Ivan Leonidov and the Russian utopias
Ivan Leonidov lived from 1902 to 1959. He was a constructivist architect, but also a painter, urban planner and a dreamer. From all of his works he only was able to build this staircase on a hillside in Kislovodsk:
From the review of the book Ivan Leonidov, we can quote:
“It is sad that the vast majority of sketchbook plans and competition entries reproduced in this album were never built. Ivan Leonidov was surely one of the most innovative and humanistic architects to come out of early Russian modernism. His Constructivist-inspired projects embody the same revolutionary spirit as Vladimir Tatlin’s celebrated 1919 tower. In his later buildings, medieval Russian motifs mingle with pyramids, amphitheaters, pagodas, to reflect his love of Eastern and classical cultures. Many of his visions were quixotichis United Nations headquarters, for example, or the Island of Flowers park in the Dnepr Riverbut all are inspirational. Vilified in the 1930s, Leonidov has lately undergone a “rehabilitation” in the Soviet Union.”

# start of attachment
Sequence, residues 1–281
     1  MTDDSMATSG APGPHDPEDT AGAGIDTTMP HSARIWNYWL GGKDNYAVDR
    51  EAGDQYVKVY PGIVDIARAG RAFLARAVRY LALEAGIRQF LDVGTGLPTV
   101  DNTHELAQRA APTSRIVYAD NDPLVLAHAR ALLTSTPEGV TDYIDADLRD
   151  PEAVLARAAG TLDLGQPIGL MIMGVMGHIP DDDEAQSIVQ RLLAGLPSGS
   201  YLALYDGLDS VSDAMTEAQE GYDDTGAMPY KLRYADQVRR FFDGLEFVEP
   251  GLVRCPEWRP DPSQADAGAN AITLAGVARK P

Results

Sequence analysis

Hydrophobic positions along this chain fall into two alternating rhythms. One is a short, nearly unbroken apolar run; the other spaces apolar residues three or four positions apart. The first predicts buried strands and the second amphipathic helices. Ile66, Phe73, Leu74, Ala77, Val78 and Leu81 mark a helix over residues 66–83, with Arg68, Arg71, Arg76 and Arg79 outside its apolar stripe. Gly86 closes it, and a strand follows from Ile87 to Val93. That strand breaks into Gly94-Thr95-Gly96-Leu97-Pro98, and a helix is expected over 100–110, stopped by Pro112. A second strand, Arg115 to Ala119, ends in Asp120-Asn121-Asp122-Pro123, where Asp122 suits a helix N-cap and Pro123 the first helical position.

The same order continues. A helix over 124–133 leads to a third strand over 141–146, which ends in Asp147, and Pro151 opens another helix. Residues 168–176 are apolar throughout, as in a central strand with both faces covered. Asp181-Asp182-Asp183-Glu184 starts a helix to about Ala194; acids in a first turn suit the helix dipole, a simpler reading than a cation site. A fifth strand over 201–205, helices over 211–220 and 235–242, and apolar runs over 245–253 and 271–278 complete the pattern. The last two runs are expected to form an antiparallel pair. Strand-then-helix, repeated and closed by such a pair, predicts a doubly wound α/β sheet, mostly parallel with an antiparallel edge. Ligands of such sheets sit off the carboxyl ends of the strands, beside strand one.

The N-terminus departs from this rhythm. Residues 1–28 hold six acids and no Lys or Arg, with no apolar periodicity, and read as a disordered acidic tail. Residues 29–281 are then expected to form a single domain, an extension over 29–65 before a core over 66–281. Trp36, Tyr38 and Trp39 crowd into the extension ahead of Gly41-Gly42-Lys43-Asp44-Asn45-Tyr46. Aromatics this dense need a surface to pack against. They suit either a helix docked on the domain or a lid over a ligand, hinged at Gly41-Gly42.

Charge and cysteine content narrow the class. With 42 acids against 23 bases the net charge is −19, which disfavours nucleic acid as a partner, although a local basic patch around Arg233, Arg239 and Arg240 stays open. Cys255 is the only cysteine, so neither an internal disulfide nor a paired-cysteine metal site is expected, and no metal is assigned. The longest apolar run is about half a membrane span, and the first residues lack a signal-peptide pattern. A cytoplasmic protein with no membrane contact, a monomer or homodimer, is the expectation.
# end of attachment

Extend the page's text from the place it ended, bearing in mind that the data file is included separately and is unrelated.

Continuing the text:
Palace Proletarian Cultural District. Moscu 1930
From the wiki: “In 1919 Léonidov attended the Svomas free art studios in Tver. From 1921-27 he studied at the VKhUTEMAS in Moscow under the tutelage of Alexander Vesnin at which point his attention switched from painting to architecture. His unexecuted diploma project in 1927 for the Lenin Institute and Library, Moscow, brought him international recognition. The scheme was prominently displayed at the Exhibition of Contemporary Architecture, Moscow, and was published in the OSA Group journal Sovremennaya arkhitektura. He then went on to teach at the VKhUTEMAS between 1928-30. From 1931-33 he worked in the Giprogor and Mossovet and from 1934-41 he joined the studio of Moisei Ginzburg at the People’s Commissariat for heavy industry.”
Lenin Institute and Library:
In the first half of his life, Leonidov’s work quickly became widely known. Even Le Corbusier and Niemeyer had fell under the charm of the strong so-called leonidovskogo “definitive breakthrough”. Then the Soviet coined the term “leonidovschina” and the great architect of the Iron Curtain was isolated from the world of architecture. After the war, Leonidov developed with his sketches some grandiose projects of the utopian City of Sun. The conception of this ideal city began to emerge in Leodinov’s thinking during the thirties. It took shape during the war years, and was inspired by Campanella’s book of that title and the Italian socialista-utopian’s concepts.
This project became Leodinov’s synthesis of the various ideas and artistic concerns of his life and career and also the very real sense of his dream of what future cities might be:
A complete selection of Leodinov’s works can be visited here.